Please Note the Addition to the First Line of Cable


Please Note the Addition to the First Line of Cable


Pratt, William Veazie, 1869-1957




[1918 October 29]


Pratt writes that change to the cable changes the whole meaning.


Library of Congress, Woodrow Wilson Papers


Woodrow Wilson Presidential Library & Museum


World War, 1914-1918


Anna Phillips






Document scan was taken from Library of Congress microfilm reel of the Wilson Papers. WWPL volunteers transcribed the text.


Please note the addition to the first line of cable, which changes its entire complexion.

As I read the cable, these are the decisions arrived at by the Allied Naval Council, but subject to the approval of the governments concerned.

Where the purely naval features involve no departure from governmental policies [word cut off copy] conceptions of future policy it might be wise to accept these decisions. But where they do, it seems wiser to pause and consider the situation more thoroughly.

The within terms of armistice do represent a view point which is at variance with the terms indicated by the President.

Attention is invited to the paragraph beginning with line twenty, first page, [word cut off copy] Allied Council’s assumptions, special reference to last clause.

The result of these terms as apart from the intent, will be, I feel to drive Germany, now perhaps in the transition stage from one form of stable government to another form of stable government, to some last desperate move. There is nothing constructive in these terms, nothing which paves the way for a more amicable future setting.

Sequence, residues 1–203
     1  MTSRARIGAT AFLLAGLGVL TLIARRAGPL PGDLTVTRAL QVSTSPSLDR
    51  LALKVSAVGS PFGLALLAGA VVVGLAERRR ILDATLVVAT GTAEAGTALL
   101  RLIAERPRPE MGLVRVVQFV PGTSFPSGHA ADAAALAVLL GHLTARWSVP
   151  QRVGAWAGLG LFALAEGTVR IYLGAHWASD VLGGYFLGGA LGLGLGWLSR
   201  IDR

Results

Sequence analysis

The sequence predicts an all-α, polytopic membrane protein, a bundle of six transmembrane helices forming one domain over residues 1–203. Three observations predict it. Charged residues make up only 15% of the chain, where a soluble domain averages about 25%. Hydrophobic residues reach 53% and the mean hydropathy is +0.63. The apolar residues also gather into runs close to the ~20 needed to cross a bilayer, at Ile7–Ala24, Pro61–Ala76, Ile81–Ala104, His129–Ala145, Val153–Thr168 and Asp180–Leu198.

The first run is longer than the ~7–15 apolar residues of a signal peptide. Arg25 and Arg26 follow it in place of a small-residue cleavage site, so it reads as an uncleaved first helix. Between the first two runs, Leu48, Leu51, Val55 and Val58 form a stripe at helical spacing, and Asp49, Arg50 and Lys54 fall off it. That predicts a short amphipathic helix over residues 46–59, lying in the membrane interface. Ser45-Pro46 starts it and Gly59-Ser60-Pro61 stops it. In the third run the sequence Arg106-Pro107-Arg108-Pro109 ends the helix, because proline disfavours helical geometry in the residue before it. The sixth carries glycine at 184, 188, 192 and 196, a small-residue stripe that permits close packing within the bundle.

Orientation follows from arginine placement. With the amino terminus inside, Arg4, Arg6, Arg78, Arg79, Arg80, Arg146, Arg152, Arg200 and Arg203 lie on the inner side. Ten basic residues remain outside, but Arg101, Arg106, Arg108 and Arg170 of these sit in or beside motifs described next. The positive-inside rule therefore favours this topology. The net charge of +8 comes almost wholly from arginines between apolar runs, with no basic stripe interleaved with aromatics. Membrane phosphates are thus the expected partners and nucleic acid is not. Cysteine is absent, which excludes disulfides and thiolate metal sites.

Perhaps Germany has played her last military card, but she has not played her last naval card. And while in the end defeat on sea, as on land, and quickly too, is sure to overtake her, she, I think is bound to play the card, if the controlling destinies of Germany are still those that have been in power. If they have changed or are changing, would it be wise to push Germany so far during the armistice. Do you wish to overload such a government?

Therefore it would seem wiser to me, not to force the issue with Germany too drastically now, but (1) to gain time, (2) secure a German government acceptible to deal with, and the absolute guarantee of same, (3) Use the time gained to render Turkey and Austria impotent, and eliminated from the war.

Following the above course it would seem that every effort might be made to force the right form of government in Germany as the prelude to armistice (while such negotiations are on there will probably be no danger of Germany sacrificing her fleet)

Having secured this aim, I feel that the President’s terms of armistice, [word cut off copy] far simpler but stronger, and easier of accomplishment. During this period Turkey and Austria can be made to surrender, and in this regard I feel that Austria can and should be pushed, according to the terms of armistice laid down in the cable

Her case is different and needs different treatment. How can we hope to combine the various elements into a strong government, strong enough to deal with. Rapid action in her case seems necessary.
Meanwhile the psycological effect of our action towards Austria and Turkey will have time to filter into the German mind.


Original Format



Roosevelt, Franklin D. (Franklin Delano), 1882-1945




Pratt, William Veazie, 1869-1957, “Please Note the Addition to the First Line of Cable,” [1918 October 29], WWP25346, World War I Letters, Woodrow Wilson Presidential Library & Museum, Staunton, Virginia.